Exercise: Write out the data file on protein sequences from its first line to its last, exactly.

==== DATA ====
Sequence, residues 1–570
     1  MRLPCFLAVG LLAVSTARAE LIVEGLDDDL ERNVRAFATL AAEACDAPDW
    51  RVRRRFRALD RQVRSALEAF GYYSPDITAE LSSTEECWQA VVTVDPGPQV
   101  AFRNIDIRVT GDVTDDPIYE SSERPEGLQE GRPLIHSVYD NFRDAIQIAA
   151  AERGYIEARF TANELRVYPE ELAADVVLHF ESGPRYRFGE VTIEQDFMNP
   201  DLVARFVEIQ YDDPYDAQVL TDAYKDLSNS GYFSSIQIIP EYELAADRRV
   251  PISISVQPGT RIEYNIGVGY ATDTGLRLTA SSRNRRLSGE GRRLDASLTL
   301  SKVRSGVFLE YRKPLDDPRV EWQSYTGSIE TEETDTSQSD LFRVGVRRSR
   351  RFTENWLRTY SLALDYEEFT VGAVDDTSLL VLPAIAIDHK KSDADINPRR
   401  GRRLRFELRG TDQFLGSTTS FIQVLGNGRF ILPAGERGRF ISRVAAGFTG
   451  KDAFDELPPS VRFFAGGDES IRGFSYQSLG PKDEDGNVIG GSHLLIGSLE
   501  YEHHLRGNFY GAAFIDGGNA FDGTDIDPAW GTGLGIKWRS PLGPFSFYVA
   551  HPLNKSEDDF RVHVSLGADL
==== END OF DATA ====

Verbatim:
Sequence, residues 1–570
     1  MRLPCFLAVG LLAVSTARAE LIVEGLDDDL ERNVRAFATL AAEACDAPDW
    51  RVRRRFRALD RQVRSALEAF GYYSPDITAE LSSTEECWQA VVTVDPGPQV
   101  AFRNIDIRVT GDVTDDPIYE SSERPEGLQE GRPLIHSVYD NFRDAIQIAA
   151  AERGYIEARF TANELRVYPE ELAADVVLHF ESGPRYRFGE VTIEQDFMNP
   201  DLVARFVEIQ YDDPYDAQVL TDAYKDLSNS GYFSSIQIIP EYELAADRRV
   251  PISISVQPGT RIEYNIGVGY ATDTGLRLTA SSRNRRLSGE GRRLDASLTL
   301  SKVRSGVFLE YRKPLDDPRV EWQSYTGSIE TEETDTSQSD LFRVGVRRSR
   351  RFTENWLRTY SLALDYEEFT VGAVDDTSLL VLPAIAIDHK KSDADINPRR
   401  GRRLRFELRG TDQFLGSTTS FIQVLGNGRF ILPAGERGRF ISRVAAGFTG
   451  KDAFDELPPS VRFFAGGDES IRGFSYQSLG PKDEDGNVIG GSHLLIGSLE
   501  YEHHLRGNFY GAAFIDGGNA FDGTDIDPAW GTGLGIKWRS PLGPFSFYVA
   551  HPLNKSEDDF RVHVSLGADL